It’s also why Dr. Szirth believes that eye testing is an important addition to UH health fairs to screen for and educate about VTD, including glaucoma and age-related macular degeneration. A faculty member at Rutgers New Jersey Medical School, he is Director of Teleophthalmology, a branch of telemedicine that delivers eye care through digital equipment and telecommunications technology. His dedication and enthusiasm are potent motivators for his students. “I ask a lot of time, effort and commitment,” he says. “In return, I believe that seeds are planted that will make these medical students better doctors, and they will somehow continue this commitment through their own careers.”


A Tribute to Jim Gonzalez

Donald T. DiFrancesco and James R. Gonzalez
UH Board Chairman Donald T. DiFrancesco presents James R. Gonzalez, MPH, FACHE, with a plaque for his outstanding service
 
Congressman Donald M. Payne, Jr. and James R. Gonzalez
Congressman Donald M. Payne, Jr. (NJ-10th District) with Mr. Gonzalez

At the special meeting of the UH Board of Directors on June 29, Chairman Donald T. DiFrancesco presented James R. Gonzalez, MPH, FACHE, with a plaque recognizing Mr. Gonzalez’ contribution to the hospital. It read: The UH Board of Directors and Staff acknowledge with gratitude, James R. Gonzalez, MPH, FACHE, for his example of leadership, his enduring commitment and his legacy of service to University Hospital. Serving as President and CEO, 2011-2015.

Congressman Donald M. Payne, Jr. (NJ-10th District), arrived for a personal tribute to Mr. Gonzalez and to present him with a flag that had flown over the Capitol Building in Washington. In addition, Mr. Gonzalez received a Joint Resolution from the New Jersey Legislature sponsored by Senator Ronald Rice, Assemblywoman Cleopatra Tucker and Assemblyman Ralph Caputo; a Commendation from the Essex County Freeholder Board sponsored by Freeholder Vice President Brendan Gill; a Proclamation from Newark Mayor Ras Baraka and a Resolution from the Newark Municipal Council.

Mr. Gonzalez is President and CEO of Broadway House for Continuing Care in Newark, an affiliate of University Hospital.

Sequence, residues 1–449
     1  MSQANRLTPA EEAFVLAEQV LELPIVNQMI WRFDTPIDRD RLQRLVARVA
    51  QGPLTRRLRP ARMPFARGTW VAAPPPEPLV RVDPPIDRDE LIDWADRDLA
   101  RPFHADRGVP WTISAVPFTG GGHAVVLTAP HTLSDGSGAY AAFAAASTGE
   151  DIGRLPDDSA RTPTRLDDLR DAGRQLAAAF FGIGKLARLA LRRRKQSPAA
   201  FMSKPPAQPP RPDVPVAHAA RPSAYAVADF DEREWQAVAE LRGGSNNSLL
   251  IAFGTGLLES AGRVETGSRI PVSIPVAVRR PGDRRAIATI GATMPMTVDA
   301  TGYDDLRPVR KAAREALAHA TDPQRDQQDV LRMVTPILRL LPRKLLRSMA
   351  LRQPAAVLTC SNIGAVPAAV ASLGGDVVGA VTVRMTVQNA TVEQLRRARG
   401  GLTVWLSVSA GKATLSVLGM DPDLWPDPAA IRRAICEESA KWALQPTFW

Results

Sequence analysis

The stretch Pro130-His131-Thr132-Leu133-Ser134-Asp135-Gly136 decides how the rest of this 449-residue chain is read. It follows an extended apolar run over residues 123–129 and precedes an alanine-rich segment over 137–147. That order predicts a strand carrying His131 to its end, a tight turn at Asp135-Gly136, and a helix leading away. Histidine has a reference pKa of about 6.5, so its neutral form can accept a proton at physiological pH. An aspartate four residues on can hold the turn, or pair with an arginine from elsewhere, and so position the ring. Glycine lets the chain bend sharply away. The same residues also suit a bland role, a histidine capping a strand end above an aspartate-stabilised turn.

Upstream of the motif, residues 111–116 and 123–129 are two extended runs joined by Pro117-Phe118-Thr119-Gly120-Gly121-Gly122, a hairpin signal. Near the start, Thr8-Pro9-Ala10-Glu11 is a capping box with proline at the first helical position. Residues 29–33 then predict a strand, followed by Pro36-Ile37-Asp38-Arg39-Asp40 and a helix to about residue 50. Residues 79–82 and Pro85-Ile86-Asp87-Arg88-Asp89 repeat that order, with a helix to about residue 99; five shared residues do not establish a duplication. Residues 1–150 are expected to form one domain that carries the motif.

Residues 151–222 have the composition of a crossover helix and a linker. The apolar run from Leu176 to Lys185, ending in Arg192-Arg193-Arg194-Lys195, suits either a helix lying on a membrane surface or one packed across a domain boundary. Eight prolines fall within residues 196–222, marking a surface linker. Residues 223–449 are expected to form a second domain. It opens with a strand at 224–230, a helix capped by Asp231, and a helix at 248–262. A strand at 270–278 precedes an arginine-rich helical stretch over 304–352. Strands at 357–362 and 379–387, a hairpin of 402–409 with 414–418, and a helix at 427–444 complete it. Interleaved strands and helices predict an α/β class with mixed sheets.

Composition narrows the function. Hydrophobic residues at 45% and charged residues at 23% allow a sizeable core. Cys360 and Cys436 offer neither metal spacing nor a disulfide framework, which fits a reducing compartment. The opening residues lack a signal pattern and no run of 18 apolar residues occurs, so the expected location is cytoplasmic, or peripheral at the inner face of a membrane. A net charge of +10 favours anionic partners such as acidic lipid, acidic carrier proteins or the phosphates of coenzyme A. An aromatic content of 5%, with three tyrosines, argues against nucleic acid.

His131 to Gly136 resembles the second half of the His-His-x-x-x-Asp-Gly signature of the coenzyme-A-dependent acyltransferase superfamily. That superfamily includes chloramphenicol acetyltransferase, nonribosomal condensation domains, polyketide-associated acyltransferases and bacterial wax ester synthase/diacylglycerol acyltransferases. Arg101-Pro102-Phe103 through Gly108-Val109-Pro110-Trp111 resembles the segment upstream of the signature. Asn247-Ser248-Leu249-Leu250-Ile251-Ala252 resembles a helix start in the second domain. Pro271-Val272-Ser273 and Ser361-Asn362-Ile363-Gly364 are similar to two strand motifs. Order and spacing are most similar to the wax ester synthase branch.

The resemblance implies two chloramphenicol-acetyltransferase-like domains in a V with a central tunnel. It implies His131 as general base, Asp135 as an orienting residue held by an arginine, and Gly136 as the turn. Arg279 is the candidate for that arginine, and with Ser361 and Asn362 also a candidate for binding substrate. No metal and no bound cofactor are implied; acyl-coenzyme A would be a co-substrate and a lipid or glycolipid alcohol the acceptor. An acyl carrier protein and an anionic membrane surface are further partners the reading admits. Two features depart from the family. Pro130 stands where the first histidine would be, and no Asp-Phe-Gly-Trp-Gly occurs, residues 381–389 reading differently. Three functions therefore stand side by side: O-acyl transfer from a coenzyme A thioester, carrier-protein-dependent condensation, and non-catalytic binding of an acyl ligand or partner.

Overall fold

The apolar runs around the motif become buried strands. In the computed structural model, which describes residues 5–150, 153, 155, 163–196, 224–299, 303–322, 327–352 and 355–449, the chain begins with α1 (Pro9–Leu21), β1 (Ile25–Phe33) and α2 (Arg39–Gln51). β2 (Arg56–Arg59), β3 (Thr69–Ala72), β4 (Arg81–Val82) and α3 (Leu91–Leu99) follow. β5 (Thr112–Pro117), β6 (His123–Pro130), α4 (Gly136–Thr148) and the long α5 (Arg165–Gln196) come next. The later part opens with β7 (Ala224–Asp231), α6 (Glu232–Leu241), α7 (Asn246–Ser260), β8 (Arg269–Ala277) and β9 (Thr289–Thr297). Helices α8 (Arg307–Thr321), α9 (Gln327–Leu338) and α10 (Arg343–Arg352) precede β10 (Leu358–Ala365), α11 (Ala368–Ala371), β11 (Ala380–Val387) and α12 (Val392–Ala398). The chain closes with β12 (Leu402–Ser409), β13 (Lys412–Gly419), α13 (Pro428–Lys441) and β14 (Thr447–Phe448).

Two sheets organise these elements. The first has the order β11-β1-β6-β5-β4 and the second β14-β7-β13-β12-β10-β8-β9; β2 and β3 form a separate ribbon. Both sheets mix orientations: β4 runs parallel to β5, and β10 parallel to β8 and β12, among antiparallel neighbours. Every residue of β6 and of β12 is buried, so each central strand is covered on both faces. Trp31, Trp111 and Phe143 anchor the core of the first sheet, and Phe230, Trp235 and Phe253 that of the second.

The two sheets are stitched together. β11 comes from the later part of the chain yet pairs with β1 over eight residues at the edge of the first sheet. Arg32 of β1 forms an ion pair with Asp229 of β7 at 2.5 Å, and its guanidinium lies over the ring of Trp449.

UH Goes to Lincoln Park

Lincoln Park Music Festival

Part of UH’s mission is to care for the community in which it resides. We will be doing exactly that at the 2015 Lincoln Park Music Festival’s Sustainable Health and Wellness Village. Hospital and RBHS volunteers will provide information on a variety of healthcare topics, including asthma and diabetes management, and will perform blood pressure, HIV, cholesterol, diabetes and eye screenings. Clinical breast exams will be available, and there will be mental health education sessions.

The festival, which begins on Friday, July 24, and runs through Sunday July 26, from 10 a.m. to 5 p.m., is free and open to the public. On Friday there will be a special Senior’s Village with health screenings and information tailored to that age group.

For more information go to: http://lpccd.org/arts-culture/music-fest/


Mark the Date and Donate

Lincoln Park Music Festival

Next Thursday, July 9, there will be another blood drive in the B-Level Grand Foyer of the MSB, from 9:30 a.m. to 3:30 p.m. If you were unable to get to the blood drive that was held a few weeks ago, this is your chance. Every donor will receive two free tickets to a Mets home game at Citi Field.

To make an appointment go to http://tinyurl.com/uh-rbhs or call 1-800-933-BLOOD (25663). Walks-ins are always welcome.